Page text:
How Music May Help Keep the Brain Young

February 21, 2024

Playing a musical instrument or singing in a choir may help to keep the brain sharp, a new study found. And the longer you continue to incorporate music into your life, the greater the potential benefits.

Playing the piano seemed to have the greatest benefits for brain health, though woodwinds, brass and other instruments had beneficial effects. Singing in a choir or other group also led to improvements in tests of thinking skills.

For the study, researchers in the U.K. followed more than 11,000 adults aged 40 and older for about 10 years. All were part of a larger study called PROTECT that has been tracking brain health over many years.

The researchers found that lifetime exposure to music, either through playing an instrument or singing with a group, was linked to improved scores on memory and thinking tests. Those who played an instrument scored particularly high on executive function, the set of abilities that allow you to get a task done and to suppress inappropriate behaviors. Executive function is severely impaired by Alzheimer’s disease. Those who continued to play or sing throughout life tended to have the best outcomes. Just listening to music, however, did not appear to have the same benefits.

“Our PROTECT study has given us a unique opportunity to explore the relationship between cognitive performance and music in a large cohort of older adults,” said the study’s senior author, Anne Corbett, professor of dementia research at the University of Exeter. “Overall, we think that being musical could be a way of harnessing the brain’s agility and resilience, known as cognitive reserve.”

Cognitive reserve refers to the brain’s ability to grow and maintain a rich network of neurons and connections between these neurons. Later in life, this robust network may help to compensate for the loss of brain cells that occurs with Alzheimer’s disease, the theory goes.

Playing an instrument and reading music is an intellectually challenging task. Mental stimulation, through various activities such as doing crossword puzzles, reading a book, or having an intellectually challenging job, has been shown in earlier research to help keep the brain sharp.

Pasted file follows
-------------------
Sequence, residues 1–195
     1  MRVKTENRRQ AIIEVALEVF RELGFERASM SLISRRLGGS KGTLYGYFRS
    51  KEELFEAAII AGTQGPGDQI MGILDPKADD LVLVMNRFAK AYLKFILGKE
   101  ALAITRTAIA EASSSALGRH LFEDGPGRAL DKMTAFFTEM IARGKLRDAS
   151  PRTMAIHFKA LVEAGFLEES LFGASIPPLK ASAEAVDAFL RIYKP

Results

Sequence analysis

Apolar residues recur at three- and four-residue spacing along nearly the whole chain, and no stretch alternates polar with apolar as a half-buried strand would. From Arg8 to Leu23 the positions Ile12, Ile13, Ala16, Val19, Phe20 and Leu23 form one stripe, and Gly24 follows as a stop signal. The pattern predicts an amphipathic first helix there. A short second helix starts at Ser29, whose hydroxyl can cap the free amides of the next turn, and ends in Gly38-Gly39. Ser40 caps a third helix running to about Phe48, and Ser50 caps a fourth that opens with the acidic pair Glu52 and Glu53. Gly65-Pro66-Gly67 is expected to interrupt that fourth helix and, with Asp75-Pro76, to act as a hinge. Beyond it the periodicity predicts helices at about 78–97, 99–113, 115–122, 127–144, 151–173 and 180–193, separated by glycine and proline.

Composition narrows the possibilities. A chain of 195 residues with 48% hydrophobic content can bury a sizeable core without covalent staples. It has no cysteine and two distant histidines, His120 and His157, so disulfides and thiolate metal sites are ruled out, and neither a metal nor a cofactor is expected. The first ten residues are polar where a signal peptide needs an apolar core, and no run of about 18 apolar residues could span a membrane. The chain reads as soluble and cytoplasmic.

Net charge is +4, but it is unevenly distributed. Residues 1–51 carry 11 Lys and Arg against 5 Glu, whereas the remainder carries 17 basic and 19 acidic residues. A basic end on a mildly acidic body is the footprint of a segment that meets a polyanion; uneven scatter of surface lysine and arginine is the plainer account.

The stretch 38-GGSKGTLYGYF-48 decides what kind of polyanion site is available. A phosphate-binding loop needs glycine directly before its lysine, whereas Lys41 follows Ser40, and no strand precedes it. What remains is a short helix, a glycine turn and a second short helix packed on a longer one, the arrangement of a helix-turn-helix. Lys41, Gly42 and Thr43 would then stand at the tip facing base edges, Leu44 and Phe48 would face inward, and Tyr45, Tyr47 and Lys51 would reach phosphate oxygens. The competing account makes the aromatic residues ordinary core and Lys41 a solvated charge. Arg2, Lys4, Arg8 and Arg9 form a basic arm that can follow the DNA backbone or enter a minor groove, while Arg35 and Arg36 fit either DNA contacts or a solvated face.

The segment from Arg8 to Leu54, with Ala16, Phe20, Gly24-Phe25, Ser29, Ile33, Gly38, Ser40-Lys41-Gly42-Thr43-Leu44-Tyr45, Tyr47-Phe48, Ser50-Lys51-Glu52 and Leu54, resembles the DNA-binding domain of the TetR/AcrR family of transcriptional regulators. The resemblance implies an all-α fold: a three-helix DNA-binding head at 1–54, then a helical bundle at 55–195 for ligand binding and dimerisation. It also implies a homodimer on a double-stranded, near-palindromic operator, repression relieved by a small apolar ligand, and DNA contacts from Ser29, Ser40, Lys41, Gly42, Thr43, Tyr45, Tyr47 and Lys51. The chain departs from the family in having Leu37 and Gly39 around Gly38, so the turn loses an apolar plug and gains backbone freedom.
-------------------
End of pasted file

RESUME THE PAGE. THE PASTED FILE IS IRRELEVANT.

Singing in a choir also provides social stimulation, the authors note. Numerous studies have shown that social interaction and engagement is critical for healthy aging.

“Our findings indicate that promoting musical education would be a valuable part of public health initiatives to promote a protective lifestyle for brain health, as would encouraging older adults to return to music in later life,” Dr. Corbett said. The study was published in the International Journal of Geriatric Psychiatry.

The findings are consistent with earlier research showing that music can improve cognitive skills throughout life, and perhaps lower the risk of developing Alzheimer’s disease. Children who take music lessons tend to show an increase in IQ scores and improved reading and concentration abilities, regardless of their socioeconomic backgrounds. Other studies have found that people over 65 who still play music have better executive function, and current and former musicians performed better on tests of language, attention and processing speed compared with their peers who have never played music. 

Music may also have benefits for those who already have serious memory problems. Previous studies have shown nursing home residents with dementia who listened to music they enjoyed, often songs from their distant past, had fewer signs of agitation, aggression and other behavioral issues than residents who didn’t get music therapy. Singing or playing a musical instrument also led to a small but significant boost in memory and thinking skills in those with serious memory problems.

By diminishing challenging behaviors, music can also help to ease the burden for caregivers. If you’re caring for a loved one with Alzheimer’s, play favorite music or songs from their childhood or young adult years, and have them clap or sing along. Many senior care centers and Alzheimer’s support groups hold music and sing-along sessions in communities nationwide. 

By ALZinfo.org, The Alzheimer’s Information Site. Reviewed by Eric Schmidt, Ph.D., Fisher Center for Alzheimer’s Research Foundation at The Rockefeller University. 

Source: Gaia Vetere, Gareth Williams, Clive Ballard, et al: “The relationship between playing musical instruments and cognitive trajectories: Analysis from a UK ageing cohort.” International Journal of Geriatric Psychiatry, February, 2024


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